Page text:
Quick Hit – The Modesty Experiment

Ruby Hamad has written an fascinating article in response to blogger Lauren Shield’s book about dressing modestly for 9 months in an attempt to subvert the American beauty culture. While Hamad has no problems whatsoever with the subverting of beauty culture what does frustrate her is that Shields chose to do this as a way of experiencing what a Muslim woman, who chooses to cover up, may feel.

“In America”, Shield’s blog banner gravely announces, “we see Islamic women all covered up and think, ‘That poor woman, made to be ashamed of her body!’ But is it any less oppressive to convince a woman that her uncovered body is never beautiful enough? Is covering enslavement… or freedom? I want to find out.”

Shields spent nine months conducting her “experiment”, during which she “covered all of my hair, wore nothing that was so fitted that I felt like I had to sit or stand funny to look good, and never exposed my knees or my shoulders, except at home. With rare exceptions, I wore no makeup or nail polish.”

Shields is railing against the Western beauty ideal that expects women to spend excessive amounts of time and money to dress in what amounts to “a Grown-Up suit.” In that I couldn’t agree with her more. However, Shields, who can only witness Muslim culture through her own Western lens, falls into the trap of romanticising the “modesty” of Muslim women for whom covering themselves is itself a religious requirement.

Read the whole thing. Hamad shows why this sort of cultural appropriation is both unhelpful and ultimately unenlightening for the person doing it as well.

What struck me at first about the description of Shield’s experiment was that she could have just dressed with no makeup, nail polish, high heels and wearing ‘modest’ clothing without needing to try link it to anyone’s particular religion. Plenty of women dress this way all the time because it is comfortable, cheap, they can’t wear makeup or heels, they are wearing a uniform for much of their lives, or for a myriad of other reasons or simply because that’s how they like it.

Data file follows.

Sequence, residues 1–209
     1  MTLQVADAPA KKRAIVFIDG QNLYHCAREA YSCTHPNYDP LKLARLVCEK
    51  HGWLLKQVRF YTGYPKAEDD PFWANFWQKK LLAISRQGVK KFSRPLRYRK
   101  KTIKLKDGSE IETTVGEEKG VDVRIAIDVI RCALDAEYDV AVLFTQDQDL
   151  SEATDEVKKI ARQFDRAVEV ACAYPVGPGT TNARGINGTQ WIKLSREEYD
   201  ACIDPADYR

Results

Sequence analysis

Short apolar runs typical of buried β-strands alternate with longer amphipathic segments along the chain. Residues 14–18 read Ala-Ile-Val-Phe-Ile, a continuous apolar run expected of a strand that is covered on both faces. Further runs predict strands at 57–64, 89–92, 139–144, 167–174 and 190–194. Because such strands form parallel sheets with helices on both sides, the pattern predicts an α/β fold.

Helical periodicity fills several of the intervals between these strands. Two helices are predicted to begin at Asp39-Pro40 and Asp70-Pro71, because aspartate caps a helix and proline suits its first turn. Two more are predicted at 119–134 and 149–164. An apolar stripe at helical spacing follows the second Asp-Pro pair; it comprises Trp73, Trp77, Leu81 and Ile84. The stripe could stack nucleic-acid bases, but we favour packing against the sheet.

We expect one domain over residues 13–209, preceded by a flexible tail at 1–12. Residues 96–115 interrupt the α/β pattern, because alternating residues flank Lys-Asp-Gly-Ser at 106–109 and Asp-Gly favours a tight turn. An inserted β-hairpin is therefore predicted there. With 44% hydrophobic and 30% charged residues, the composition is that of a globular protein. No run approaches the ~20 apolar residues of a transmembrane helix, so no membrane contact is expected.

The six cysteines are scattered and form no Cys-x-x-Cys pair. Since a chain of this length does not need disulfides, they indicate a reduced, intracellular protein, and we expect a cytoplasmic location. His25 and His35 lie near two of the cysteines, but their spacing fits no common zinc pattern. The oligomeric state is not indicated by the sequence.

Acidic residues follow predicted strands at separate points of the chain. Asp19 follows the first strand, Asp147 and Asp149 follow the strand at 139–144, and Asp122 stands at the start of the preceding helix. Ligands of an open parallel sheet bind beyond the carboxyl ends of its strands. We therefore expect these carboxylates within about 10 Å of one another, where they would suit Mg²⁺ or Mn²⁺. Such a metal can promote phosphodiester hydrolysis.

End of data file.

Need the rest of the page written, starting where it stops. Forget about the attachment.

If she specifically wanted to experience what it is like for religious women covering up for ‘modesty’ then she could have chosen from a whole raft of other religions.

Infographic of religious women with head coverings. Top row left to right: Amish; Buddhist Nun (Japanese); Cao Dai Nun; Catholic Nun; Catholic (woman wearing lace mantilla); Druze. Second row left to right: Eastern Orthodox Nun, Easter Orthodox; Hindu; Jain Nun; Mennonite. Third row left to right: Muslim child; Orthodox Jewish; Sabian; Sikh (baptized); Taoist Nun; Zoroastrian.

Infographic of religious women with head coverings. Top row left to right: Amish; Buddhist Nun (Japanese); Cao Dai Nun; Catholic Nun; Catholic (woman wearing lace mantilla); Druze. Second row left to right: Eastern Orthodox Nun, Easter Orthodox; Hindu; Jain Nun; Mennonite. Third row left to right: Muslim child; Orthodox Jewish; Sabian; Sikh (baptized); Taoist Nun; Zoroastrian.

I think it is an interesting thing to try in and of itself, especially as a young woman who may have been accustomed to wearing make up and heels and fashionable clothes, to step outside of that to experience how you are treated by society when you go against societies expectations and I will probably read her book. But I am not comfortable with the idea that doing this would give you any insight into someone else’s reality.

Categories: arts & entertainment, Culture, gender & feminism, Life, religion, Sociology

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20 replies

  1. Some very interesting commentary. I hadn’t heard of the experiment before, but to be honest the idea of ‘modesty’ as a response to Western beauty standards seems a bit weird to me. Surely there are ways to not buy into all the compulsory sexiness stuff that also don’t buy into the baggage associated with the term ‘modesty’? (And cultural appropriation, obviously?)